Money Doesn’t Grow on Trees Meaning
Definition: Money must be earned and does not come freely.
Typically, this idiom describes the idea that someone should be careful of how they spend his or her money.
Origin of Money Doesn’t Grow on Trees
It is unclear exactly how this idiom originated. However, it appeared in print as early as the 1800s. Here is an early example of the phrase in the Statesville Landmark newspaper from 1891
- Money doesn’t grow on trees here yet.
This phrase relates to the fact that trees often produce fruit for people to enjoy—regardless of whether or not the people cultivate these trees. This contrasts the idea that money must be worked for with effort and is never given without a reason.
Examples of Money Doesn’t Grow on Trees
Our first example dialogue shows a sister using the idiom in a conversation with her brother about their weekly budget.
Luke: Look at this new TV I bought! Isn’t it great?
Ella: Great? Are you serious? We can’t afford a new TV!
Luke: Yeah, yeah, I know. But look how good this TV is! It’s huge!
Ella: You have to return that. Money doesn’t grow on trees, you know. We won’t have money to buy food if you keep that TV.
Luke: We’ll take it out of our savings.
Ella: Absolutely not.
The second example shows two people using the expression in a conversation about a television show they’ve been watching.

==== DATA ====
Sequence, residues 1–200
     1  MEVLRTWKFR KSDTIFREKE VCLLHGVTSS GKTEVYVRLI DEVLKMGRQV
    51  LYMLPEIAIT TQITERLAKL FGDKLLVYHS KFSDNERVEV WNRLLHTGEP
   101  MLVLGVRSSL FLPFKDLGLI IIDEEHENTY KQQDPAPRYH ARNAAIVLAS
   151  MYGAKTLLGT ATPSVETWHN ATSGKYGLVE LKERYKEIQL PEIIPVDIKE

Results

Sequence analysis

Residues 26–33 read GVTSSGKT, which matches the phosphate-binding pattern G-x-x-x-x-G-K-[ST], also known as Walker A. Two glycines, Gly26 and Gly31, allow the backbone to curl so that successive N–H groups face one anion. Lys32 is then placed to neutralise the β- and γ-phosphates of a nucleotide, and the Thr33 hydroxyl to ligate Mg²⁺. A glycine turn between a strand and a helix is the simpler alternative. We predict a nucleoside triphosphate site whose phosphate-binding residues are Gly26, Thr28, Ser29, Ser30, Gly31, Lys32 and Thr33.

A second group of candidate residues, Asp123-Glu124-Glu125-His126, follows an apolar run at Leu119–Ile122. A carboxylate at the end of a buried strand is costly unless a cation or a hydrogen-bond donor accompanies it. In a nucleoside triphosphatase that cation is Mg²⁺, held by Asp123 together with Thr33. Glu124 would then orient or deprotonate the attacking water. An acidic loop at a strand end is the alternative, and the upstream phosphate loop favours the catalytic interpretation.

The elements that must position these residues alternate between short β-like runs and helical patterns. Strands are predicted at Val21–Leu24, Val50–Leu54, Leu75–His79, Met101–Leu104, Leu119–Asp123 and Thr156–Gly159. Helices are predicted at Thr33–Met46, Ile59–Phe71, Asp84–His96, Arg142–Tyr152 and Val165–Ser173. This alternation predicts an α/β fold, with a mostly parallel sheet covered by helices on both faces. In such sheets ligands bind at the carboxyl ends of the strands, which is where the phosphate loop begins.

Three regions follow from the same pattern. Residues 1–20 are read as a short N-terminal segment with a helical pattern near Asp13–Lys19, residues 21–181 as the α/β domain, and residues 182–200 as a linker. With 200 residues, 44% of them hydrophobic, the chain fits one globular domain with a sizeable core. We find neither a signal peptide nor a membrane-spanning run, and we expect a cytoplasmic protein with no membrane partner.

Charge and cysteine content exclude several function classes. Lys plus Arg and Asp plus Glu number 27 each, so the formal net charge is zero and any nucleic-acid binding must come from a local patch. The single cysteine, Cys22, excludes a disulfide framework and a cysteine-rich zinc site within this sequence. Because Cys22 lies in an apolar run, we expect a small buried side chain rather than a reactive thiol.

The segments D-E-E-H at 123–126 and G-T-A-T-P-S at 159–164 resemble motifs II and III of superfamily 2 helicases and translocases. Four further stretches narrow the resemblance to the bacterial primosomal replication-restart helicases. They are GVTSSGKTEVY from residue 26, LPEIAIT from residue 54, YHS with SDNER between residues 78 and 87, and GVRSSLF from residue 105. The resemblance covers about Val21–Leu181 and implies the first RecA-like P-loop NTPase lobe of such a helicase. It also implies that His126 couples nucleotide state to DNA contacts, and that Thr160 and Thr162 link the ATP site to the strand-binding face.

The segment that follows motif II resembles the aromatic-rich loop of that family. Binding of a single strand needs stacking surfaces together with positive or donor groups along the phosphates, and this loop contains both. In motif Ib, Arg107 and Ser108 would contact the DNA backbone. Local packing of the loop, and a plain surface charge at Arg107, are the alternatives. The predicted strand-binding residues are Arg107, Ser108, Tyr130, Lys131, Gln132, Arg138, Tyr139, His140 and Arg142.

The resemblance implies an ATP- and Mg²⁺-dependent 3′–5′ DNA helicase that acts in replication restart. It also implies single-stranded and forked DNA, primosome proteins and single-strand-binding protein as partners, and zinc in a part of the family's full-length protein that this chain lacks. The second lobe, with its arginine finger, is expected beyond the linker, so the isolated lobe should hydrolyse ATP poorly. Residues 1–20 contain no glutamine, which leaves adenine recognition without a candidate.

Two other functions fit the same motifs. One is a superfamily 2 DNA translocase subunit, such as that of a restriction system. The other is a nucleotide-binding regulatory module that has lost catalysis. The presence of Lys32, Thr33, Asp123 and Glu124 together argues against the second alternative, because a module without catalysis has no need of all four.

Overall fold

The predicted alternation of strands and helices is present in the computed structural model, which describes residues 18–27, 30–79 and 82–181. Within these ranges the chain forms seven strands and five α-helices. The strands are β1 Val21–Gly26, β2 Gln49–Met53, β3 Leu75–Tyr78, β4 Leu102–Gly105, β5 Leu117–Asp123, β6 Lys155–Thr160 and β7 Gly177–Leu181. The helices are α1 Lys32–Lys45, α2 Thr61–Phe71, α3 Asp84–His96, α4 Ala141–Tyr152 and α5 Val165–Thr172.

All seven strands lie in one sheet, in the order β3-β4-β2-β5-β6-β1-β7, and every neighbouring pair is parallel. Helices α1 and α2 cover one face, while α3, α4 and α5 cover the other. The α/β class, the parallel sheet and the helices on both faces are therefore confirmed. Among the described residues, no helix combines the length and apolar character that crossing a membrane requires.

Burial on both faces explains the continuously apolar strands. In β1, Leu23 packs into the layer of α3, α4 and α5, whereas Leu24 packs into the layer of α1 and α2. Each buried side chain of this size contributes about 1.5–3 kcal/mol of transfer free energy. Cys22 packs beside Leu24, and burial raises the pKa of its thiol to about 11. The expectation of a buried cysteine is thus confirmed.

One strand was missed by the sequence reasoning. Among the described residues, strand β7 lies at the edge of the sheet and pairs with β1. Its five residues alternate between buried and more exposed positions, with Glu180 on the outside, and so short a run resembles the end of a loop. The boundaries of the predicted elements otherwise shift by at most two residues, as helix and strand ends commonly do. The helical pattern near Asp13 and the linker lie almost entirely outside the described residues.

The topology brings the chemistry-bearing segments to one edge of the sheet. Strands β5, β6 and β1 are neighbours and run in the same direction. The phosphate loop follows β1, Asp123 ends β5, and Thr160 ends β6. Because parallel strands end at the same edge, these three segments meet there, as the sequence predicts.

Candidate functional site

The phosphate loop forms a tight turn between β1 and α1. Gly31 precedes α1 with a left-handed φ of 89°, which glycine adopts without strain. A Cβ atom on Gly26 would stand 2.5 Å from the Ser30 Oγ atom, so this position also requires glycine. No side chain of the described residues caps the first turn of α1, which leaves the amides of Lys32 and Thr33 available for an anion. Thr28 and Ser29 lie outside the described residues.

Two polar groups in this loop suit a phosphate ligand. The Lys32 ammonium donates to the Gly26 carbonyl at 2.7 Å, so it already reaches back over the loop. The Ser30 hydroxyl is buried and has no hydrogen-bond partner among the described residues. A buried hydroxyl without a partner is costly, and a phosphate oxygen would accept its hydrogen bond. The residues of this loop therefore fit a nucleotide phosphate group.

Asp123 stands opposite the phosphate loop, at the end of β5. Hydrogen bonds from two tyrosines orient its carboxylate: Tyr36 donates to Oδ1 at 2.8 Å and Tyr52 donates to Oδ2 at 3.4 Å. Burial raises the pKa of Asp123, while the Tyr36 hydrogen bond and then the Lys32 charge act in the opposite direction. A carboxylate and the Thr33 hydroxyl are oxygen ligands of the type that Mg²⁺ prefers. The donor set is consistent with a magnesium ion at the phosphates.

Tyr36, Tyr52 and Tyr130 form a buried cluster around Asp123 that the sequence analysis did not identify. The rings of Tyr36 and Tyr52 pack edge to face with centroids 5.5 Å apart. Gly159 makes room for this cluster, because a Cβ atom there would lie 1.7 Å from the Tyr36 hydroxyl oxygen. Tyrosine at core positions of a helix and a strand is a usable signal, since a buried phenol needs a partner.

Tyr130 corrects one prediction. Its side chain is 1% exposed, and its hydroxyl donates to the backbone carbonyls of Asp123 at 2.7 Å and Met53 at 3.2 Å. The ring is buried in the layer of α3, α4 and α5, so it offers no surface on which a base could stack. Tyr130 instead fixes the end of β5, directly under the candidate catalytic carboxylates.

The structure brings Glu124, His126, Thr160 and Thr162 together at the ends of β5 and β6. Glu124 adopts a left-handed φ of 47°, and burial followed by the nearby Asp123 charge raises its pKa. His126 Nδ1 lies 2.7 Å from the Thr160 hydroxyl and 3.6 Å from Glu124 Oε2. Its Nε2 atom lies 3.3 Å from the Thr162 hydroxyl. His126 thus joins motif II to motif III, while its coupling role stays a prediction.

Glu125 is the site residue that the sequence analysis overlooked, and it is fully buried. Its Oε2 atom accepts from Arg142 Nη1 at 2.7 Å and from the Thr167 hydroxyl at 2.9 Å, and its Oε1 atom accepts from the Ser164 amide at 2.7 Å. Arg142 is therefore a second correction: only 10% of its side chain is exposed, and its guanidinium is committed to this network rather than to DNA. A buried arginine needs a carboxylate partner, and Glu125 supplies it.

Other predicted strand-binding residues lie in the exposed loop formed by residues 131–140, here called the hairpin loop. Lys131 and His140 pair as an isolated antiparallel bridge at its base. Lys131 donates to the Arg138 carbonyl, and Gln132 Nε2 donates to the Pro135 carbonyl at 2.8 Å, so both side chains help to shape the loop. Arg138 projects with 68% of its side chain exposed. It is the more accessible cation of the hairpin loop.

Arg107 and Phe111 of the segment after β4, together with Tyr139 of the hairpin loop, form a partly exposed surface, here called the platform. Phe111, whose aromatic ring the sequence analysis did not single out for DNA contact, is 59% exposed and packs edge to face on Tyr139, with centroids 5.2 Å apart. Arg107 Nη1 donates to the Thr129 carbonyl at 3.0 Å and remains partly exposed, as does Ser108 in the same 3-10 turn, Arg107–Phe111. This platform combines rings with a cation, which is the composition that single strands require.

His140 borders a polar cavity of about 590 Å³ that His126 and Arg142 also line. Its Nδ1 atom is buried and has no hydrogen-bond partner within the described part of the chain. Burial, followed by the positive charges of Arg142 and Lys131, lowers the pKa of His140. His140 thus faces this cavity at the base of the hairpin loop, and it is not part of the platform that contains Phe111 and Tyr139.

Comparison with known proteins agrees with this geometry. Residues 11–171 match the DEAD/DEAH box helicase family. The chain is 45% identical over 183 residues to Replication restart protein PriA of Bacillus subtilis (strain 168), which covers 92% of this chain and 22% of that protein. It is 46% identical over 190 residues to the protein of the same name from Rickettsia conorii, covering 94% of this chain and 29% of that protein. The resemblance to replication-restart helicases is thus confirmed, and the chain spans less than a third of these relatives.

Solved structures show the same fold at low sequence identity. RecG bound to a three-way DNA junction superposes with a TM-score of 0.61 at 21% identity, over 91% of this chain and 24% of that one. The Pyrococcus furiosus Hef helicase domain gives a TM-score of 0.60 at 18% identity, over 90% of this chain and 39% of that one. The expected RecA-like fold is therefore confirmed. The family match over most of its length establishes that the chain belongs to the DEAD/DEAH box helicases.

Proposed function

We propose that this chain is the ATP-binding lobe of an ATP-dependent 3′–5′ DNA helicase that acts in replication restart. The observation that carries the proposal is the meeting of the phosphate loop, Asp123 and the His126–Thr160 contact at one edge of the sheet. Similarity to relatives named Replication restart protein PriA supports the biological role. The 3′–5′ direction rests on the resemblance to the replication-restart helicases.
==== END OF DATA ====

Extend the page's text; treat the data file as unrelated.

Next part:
Ray: I don’t understand how these two people can live in such a huge apartment in New York City when one of them is a waitress, and the other is unemployed. It’s totally unbelievable.
Jackie: It doesn’t have to be believable. It’s a TV show!
Ray: I know. But all I’m saying is that money doesn’t grow on trees. There’s no way that they could afford this apartment on their budget.
Jackie: Just watch the show.
- Money doesn’t grow on trees — unless you’re a millionaire who wants to pay it forward. –New York Daily News
- Money doesn’t grow on trees so don’t joke and say it does or repeat any of the other little white lies we think are cute. Just don’t lie about money, Beard says. “As kids get older, don’t lie and tell your kids that you don’t have money to buy cookies, or a movie ticket, and then turn around and purchase a new television.”–Washington Post
The phrase money doesn’t grow on trees is a proverb that stresses the importance and value of hard work and encourages people to make wise spending decisions.